Because we can’t take our Early Learning Nation Studio on the road during this time, stay tuned as ELN recaps Top Takeaways from important conversations, town halls, webinars and virtual events from the Early Learning field. And visit our Early Learning Nation channel on YouTube for interviews with leaders from education, child development, business, politics and more.
On August 31, Capita held a webinar called “The Rights of Children in America: Do We Need a Constitutional Amendment?” Provocative? You bet. Elliot Haspel—whose new monthly column, “Elliot’s Provocations,” just launched in Early Learning Nation—served as moderator for the conversation.
Last November, voters in Multnomah County, Ore., approved a measure to form a new universal preschool system. To pay for it, the county, which includes the city of Oregon, will collect a 1.5% tax on incomes of more than $125,000 per year and joint filings topping $250,000.
I attend every one of Promise Venture Studio’s Show+Tell webinars that I can because they introduce me to childhood development entrepreneurs I wouldn’t have heard about otherwise. The concise, compelling pitches at the events are aimed at funders, researchers and policy makers who can scale up visionary ideas—but they’re valuable for anyone in the field.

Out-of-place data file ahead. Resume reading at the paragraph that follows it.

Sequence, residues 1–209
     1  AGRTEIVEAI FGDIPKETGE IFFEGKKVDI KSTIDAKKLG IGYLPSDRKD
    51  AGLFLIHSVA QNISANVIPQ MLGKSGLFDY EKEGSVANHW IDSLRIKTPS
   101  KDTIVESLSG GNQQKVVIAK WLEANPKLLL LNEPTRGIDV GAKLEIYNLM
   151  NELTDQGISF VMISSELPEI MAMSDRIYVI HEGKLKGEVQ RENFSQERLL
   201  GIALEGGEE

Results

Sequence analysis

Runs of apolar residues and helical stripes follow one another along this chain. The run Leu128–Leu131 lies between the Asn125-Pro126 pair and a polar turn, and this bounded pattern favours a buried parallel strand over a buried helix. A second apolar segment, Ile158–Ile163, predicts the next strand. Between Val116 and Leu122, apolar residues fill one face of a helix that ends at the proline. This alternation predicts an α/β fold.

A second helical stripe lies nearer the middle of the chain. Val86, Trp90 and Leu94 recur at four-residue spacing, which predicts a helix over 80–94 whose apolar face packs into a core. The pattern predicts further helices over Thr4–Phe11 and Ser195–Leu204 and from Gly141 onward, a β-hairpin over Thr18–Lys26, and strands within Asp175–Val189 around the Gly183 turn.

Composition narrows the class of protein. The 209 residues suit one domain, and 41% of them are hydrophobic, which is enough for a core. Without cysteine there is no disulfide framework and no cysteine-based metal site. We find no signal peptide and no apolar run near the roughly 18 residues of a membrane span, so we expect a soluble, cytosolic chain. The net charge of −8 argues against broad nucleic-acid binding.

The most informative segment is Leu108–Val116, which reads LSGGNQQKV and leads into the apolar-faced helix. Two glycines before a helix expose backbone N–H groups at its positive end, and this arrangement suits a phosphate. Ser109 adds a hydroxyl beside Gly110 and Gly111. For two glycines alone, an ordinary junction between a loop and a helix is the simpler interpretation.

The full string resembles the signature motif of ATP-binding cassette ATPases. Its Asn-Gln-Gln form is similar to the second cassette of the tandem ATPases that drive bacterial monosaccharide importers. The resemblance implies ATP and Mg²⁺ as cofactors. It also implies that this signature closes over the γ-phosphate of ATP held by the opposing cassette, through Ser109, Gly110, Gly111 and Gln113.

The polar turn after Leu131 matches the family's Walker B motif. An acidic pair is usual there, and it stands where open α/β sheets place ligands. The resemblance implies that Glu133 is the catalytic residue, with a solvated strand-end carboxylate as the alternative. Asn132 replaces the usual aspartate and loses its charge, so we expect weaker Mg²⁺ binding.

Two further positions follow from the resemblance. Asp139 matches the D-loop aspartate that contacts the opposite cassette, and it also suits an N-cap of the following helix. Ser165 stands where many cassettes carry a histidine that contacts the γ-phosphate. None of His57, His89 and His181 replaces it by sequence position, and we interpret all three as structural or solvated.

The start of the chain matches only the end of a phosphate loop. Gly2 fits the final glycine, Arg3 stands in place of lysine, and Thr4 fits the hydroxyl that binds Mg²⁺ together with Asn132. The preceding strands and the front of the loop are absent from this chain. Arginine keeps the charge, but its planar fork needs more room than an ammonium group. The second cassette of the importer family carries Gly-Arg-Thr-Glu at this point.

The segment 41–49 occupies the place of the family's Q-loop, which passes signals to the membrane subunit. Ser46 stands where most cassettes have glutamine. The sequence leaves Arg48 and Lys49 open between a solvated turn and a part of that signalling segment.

In 1983, President Ronald Reagan declared, “America needs more education power.” Nearly 40 years later, this theme held true as experts and elected officials of both parties came together July 22 for the Reagan Institute Summit on Education’s annual event, titled “Disrupted: From Crisis to Innovation.”
On May 18, Capita, a creative think tank, hosted writer and researcher Tim Gill for a conversation about how child-friendly planning and design can save cities that are often noisy, air-polluted, dominated by cars and devoid of nature
Listening to Dr. Kathy Hirsh-Pasek talk about education can feel like the first time you visit one of those frozen yogurt places where you add your own toppings. You start with a little bit of this and a little bit of that, but it’s all so good, you don’t know quite where to stop.